"Playing Greystone Athena cartoonist and playing Vanni. Bar Is Parveen car on manifest. They update US ON THEIR CHARACTERS Minus depressed because she had her. PTSD. It's a direct. Sorry. It's a direct pickup from. The cliffhanger at the end of season. One. We picked straight up from there like same clothing even your same day. It's the same day. Still recovering from what she went through in episode fourteen season one where she's Like held hostage and has had a gun pointed at her face and I think the last couple of episodes in season one, she just was really at a breaking point So that's where we pick up a SAMBA you. I mean as direct copy that was pretty quickly skip ahead. A little bit, and so grace's a little more pregnant. We learn in that for CEPA assode who the DAD is. Obviously I'm not going to divulge that now but it's actually it's really the way they the way we learn it is very interesting and surprising. So like even I was surprised when I read it, what are you both like most about your character I like most about her she's definitely smarter than I am. Which is nice. She's better at math. Really Nice. I don't it just like how just determine like she just wants to figure it out you know and I really. Appreciate that about her. She's definitely a workaholic. She has the type of work ethic that we can all kind of dream of having hence why she's gotten so far in her field you know. Why I think That's my favorite thing about her like she's definitely a hustler and she's GonNa and we'll see in season two like she'll go to any length to figure it out and if that. Manifests in her doing some really questionable things like she's she's about it. Yes. She's about it whereas Sunday's character. Yeah. I. Texted her the day after I'd rather race inscriptions. Ear. grace's really unflappable and she's much more patient and she's like the archetypal mother like she bakes cookies and she's But she's a really like patient and loving and understanding. She's everyone's rock and I would like a little more of that my life I'm a bit of a hothead and like. You. Know I can be want patients. Sometimes I need to channel my integrase. Try. I'm not quite as graceful grace about new themes or even tones sees it's definitely darker to lock arms. And I feel like it's a lot less about the first season was really about. managing relationships, and how this crazy event has thrown everyone into a tailspin as far as relationships. Wise. Yeah. And everyone kind of recovering from that and I feel like season two is really about. The death date and I mean a lot of it is really trying to. I would say that's the overarching thing and really trying to overcome that and trying to beat it really beat beat death fruit just basically more confused. But it's very there a lot a lot how it's been hard challenging for us today because there's so many things that happened in season two and we don't WANNA real reveal any of them because they're all spoilers and it's all very exciting and it's all very huge in you know even a small detail the revolutionary say. Then, you realize no wait. Yeah. Yeah. So we've all we've all been very cautiously biting tongues today, but what happens in season two and as far as the mystery goes like a lot of. Other. Questions open out and like new things unfold the don't necessarily you know. Close any doors as far as resolution of like Oh. That's the answer to the S. it's just like we'll wait more questions more questions. Look for manifest on NBC check your listings.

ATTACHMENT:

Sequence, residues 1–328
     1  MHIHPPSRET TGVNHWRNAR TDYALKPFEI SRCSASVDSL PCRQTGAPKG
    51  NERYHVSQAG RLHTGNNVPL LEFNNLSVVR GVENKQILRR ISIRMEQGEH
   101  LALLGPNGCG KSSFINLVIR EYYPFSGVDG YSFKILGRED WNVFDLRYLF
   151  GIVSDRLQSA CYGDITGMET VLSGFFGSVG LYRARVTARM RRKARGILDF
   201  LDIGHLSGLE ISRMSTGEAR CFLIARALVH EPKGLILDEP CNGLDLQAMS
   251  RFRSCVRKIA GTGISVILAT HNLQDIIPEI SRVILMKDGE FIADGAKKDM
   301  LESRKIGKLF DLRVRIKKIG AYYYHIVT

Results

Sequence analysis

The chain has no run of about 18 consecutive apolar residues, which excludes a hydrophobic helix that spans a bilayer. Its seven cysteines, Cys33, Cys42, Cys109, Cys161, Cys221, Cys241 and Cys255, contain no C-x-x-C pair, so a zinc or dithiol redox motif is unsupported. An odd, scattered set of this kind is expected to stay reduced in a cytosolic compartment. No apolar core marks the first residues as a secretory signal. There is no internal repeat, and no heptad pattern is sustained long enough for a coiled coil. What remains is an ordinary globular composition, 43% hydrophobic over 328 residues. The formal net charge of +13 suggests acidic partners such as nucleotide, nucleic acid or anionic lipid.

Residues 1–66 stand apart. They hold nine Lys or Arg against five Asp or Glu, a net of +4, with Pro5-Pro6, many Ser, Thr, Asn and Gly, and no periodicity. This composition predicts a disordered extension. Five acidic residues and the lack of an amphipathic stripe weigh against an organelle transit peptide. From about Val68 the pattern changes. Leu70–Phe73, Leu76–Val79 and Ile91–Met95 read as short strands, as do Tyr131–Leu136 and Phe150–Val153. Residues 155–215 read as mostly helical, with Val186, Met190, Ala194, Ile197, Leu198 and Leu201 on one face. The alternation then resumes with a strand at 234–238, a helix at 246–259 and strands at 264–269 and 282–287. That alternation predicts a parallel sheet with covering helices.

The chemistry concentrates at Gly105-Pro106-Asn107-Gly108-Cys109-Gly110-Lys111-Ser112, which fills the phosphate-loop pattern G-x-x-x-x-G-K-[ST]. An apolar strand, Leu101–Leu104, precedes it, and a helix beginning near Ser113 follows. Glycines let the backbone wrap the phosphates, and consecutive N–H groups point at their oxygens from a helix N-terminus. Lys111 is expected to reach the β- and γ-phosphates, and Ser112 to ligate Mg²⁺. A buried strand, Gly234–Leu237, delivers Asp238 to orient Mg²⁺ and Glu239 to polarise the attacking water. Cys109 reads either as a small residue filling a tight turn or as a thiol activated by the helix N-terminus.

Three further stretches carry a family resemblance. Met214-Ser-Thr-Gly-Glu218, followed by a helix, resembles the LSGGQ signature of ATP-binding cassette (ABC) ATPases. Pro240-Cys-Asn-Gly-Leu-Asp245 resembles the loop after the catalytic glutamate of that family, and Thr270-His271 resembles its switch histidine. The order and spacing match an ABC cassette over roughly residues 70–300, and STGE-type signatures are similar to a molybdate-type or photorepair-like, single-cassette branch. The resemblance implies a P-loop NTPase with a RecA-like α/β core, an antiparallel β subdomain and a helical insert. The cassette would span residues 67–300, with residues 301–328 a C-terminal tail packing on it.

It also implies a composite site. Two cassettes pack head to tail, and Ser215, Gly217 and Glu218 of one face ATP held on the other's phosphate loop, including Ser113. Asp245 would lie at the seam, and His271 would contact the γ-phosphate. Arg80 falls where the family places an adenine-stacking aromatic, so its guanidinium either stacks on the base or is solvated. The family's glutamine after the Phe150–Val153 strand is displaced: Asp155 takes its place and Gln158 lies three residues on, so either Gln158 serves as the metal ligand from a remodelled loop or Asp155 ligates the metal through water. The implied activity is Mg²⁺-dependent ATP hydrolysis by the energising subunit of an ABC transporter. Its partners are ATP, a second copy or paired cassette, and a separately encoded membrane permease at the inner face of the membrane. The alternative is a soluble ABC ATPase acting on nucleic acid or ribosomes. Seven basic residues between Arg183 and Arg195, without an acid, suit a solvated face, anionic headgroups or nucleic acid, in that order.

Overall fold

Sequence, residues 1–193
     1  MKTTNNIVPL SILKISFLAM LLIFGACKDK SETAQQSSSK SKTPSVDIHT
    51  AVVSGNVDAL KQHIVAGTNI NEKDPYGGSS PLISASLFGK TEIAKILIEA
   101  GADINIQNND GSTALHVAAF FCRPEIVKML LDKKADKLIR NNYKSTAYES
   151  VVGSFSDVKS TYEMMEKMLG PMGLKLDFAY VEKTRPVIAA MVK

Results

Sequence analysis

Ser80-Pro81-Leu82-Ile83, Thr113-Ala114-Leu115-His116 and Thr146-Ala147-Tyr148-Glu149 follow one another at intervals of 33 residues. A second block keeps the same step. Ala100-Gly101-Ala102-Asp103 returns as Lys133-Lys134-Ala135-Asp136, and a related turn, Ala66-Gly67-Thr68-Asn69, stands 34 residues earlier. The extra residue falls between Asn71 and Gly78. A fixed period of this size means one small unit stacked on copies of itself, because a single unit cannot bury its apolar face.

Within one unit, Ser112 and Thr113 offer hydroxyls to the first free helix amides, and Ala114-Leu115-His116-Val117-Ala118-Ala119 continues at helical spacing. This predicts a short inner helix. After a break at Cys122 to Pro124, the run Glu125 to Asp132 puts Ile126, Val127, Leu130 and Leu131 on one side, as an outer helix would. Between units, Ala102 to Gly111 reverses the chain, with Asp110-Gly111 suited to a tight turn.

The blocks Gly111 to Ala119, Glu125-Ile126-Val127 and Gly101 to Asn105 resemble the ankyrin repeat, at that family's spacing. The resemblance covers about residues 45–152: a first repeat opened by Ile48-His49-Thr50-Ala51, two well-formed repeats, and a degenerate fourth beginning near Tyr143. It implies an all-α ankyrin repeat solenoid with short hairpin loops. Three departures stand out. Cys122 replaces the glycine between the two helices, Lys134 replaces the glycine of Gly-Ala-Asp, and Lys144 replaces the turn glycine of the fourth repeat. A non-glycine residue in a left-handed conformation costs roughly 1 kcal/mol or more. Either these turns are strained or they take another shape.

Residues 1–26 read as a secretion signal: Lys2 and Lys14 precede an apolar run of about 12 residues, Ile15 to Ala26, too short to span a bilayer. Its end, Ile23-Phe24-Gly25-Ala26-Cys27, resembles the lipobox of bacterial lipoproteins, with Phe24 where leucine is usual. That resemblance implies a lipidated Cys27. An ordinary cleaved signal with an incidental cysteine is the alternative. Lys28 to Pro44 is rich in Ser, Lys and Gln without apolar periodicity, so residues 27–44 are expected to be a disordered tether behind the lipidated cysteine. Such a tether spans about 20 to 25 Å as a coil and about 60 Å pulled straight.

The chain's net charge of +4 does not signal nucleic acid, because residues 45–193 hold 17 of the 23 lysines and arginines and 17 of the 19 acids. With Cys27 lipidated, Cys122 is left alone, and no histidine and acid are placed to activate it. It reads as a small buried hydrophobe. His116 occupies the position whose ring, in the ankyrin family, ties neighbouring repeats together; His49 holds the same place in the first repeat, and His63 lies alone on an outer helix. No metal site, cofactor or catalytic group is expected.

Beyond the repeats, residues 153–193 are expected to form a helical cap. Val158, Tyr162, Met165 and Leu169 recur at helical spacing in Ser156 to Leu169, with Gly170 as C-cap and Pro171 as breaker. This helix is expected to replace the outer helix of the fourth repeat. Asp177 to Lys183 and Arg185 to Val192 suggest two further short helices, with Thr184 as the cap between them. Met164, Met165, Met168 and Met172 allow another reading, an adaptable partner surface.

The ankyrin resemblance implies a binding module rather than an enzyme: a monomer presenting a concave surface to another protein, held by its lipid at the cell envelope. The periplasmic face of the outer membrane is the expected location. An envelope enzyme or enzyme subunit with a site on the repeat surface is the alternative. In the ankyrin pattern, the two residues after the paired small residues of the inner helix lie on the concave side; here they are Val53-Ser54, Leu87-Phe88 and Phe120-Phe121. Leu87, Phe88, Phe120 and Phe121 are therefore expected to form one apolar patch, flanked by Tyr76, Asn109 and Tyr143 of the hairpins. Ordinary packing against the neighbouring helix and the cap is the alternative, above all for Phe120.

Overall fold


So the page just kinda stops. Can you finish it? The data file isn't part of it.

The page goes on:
Ghosts in Your Bedroom?It's Probably Sleep Paralysis